Let’s talk about Neuropathy

Imagine you are just settling in for the night with your favorite TV show playing or a new book and suddenly your feet start to get numb and tingly; this could be a sign of Peripheral Neuropathy. 

What is neuropathy?

Neuropathy is damage or dysfunction of one or more nerves that results in numbness, tingling, muscle weakness, and pain in one or more areas of the body. Neuropathy typically begins in the hands and feet, but can occur in other parts of the body as well.

Often called ‘peripheral neuropathy’, neuropathy indicates that there is an issue in your peripheral nervous system. This is the network of nerves outside of your brain and spinal cord. Neuropathy happens when these nerve cells (neurons) are damaged or destroyed, disrupting the way that your nerve cells and brain communicate.

What does neuropathy feel like?

The most common feelings associated with neuropathy are numbness, tingling (“pins and needles”), and weakness in the area of the body affected (i.e. your hands or your feet). You may also experience other sensations such as sharp, lightning-like pain or a burning or throbbing pain. More symptoms include:

  • Extreme sensitivity to touch
  • Falling, loss of coordination
  • Not being able to feel things in your feet and/or hands: i.e. like you’re wearing socks/gloves at all times.
  • Muscle weakness, twitch, cramps, and/or spasms
  • Inability to move part of your body (paralysis), loss of muscle control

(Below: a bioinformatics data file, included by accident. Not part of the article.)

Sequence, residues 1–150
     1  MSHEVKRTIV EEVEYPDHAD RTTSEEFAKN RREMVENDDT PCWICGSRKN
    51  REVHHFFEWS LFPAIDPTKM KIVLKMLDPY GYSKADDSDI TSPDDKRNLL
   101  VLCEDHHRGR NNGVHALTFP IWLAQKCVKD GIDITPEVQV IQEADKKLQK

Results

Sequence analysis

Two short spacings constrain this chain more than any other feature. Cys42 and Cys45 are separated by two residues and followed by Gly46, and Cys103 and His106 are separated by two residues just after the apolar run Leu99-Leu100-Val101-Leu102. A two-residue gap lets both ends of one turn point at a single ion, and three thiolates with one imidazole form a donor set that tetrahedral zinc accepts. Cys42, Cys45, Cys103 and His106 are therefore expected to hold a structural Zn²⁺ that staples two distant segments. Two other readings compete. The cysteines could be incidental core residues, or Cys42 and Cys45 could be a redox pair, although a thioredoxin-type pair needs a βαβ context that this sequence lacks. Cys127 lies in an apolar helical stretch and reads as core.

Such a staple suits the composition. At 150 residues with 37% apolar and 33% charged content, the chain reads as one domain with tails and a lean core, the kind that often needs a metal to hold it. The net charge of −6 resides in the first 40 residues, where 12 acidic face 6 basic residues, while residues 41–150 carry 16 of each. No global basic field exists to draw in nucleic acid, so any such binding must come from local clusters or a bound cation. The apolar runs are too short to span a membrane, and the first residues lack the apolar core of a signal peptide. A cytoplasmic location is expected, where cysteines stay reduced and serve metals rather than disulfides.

• Low blood pressure or abnormal heart rate
  • Sweating too much or not enough in relation to temperature or degree of exertion
  • Unintentional weight loss

How common is neuropathy?

Very common. An estimated 25%-30% of Americans experience neuropathy. While this condition can affect people of any age it is more prevalent in older adults.

Who is most at risk?

The highest risk factors for neuropathy are:

  • Diabetes
  • Metabolic syndrome (high blood pressure, high cholesterol, obesity)
  • Heavy alcohol use

People in certain professions that require repetitive motions are also at risk for the development of neuropathy due to trauma or compression of nerves. Some neuropathies develop slowly, over months or years, while others develop rapidly and continue to quickly get worse.

What can West Michigan Foot and Ankle do for you?

Dr. Squires will complete a full history and physical exam, including reviewing your symptoms and asking questions about your current and past medications, history of trauma, line of work and social habits, family history of diseases, and your diet. A neurologic exam will then be performed to check your coordination, balance, muscle strength and tone, and your ability to feel sensations such as light touch or proprioception. After a complete history and examination we will then discuss your treatment options.


Make your appointment today.

Same day appointments are available.

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